Re: Serious thoughts about objectivity

Sat, 5 Oct 1996 20:07:00 CDT

John McCreery told us:
>Sustaining the difference between observed and composed is where things get

What's worse is that in the "hard(er)" sciences, we pretend that there is no
composition -- no tendency to organize information so that what we even observe
is filtered/composed in some substantial way. Even when we (for example, we
classically trained, 4-fielders) KNOW how culture constructs knowledge even to
the point of affecting the "objective" observations, we often overlook the
subtle ways in which our best efforts fit what we count as observations into our
composed reality.

One good example was explored at length by SJ Gould in an old Natural History
(early 80s sometime) in a piece he titled "Woman's Brains." As I recall, it was
about the famous work of the French anatomist Broca, who used comparative
studies of male and female brains to answer the question, "Why are women less
intelligent than men?" A social construction/composition of observations that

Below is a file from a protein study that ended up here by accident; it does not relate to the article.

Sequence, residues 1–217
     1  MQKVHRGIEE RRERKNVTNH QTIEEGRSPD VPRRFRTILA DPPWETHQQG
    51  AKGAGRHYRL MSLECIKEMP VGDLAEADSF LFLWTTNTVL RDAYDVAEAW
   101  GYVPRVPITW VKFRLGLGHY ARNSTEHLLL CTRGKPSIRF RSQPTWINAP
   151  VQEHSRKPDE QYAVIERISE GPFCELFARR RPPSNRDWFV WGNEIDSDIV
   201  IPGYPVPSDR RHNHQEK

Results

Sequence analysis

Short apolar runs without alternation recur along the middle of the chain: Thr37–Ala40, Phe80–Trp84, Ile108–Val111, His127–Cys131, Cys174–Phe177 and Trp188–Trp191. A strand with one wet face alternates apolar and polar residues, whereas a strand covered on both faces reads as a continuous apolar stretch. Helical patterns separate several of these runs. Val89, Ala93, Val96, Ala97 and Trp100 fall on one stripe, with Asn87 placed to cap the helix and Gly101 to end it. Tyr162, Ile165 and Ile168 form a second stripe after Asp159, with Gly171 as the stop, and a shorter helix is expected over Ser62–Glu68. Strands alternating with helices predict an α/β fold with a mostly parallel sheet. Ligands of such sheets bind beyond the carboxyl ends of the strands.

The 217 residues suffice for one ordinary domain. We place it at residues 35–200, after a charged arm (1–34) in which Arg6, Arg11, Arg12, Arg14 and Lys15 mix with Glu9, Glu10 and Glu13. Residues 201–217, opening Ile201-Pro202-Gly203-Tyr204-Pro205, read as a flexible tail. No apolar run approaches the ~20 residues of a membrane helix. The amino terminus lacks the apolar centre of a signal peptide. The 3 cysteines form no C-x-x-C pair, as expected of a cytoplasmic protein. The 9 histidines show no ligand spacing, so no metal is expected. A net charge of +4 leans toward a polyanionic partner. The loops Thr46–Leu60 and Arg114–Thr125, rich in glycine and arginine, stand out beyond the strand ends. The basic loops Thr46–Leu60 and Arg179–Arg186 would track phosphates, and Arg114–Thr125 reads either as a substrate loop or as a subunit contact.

we fully recognize now, but that was invisible to scientists and scholars in his

A second one is from my own research in which I wanted to look at inbreeding
coefficients within a population of endangered monkeys. SO I asked the computer
programmer to give me a paradigm for generating random coefficients for all
possible pairs. Of course, what I meant was all possible *breeding* pairs --
adult males breeding with adult females. What I got was *all* possible pairs --
living and dead, males and males, immatures and ancients, infants and juveniles,
etc., etc. "All possible pairs" meant something different to each of us -- and to
each of us it was intuitively obvious what the term meant.

The problem is -- and John's example shows this exquisitely -- that without the
"paralinguistic" stuff we have no context for organizing the observations. This
is the classical "signal-to-noise" problem. We don't know what is signal and
what is noise until we put it into a context.

So -- now I have to go off and read Sperber, because I haven't seen this one --
how CAN we separate observations and inferences? Especially when what we count
as an observation can be so substantially affected by the framework in which we
hope to draw those inferences?

>In scientific reporting, I like the good, old-fashioned approach of
>separating observations and inferences. (Dan Sperber does a good job of
>describing the difference in _On Anthropological Knowledge_.)

Andrew J. Petto, Editor, National Center for Science Ed.
PO BOX 8880, MADISON WI 53708-8880
voice: 608/259-2926; fax:608/258-2415
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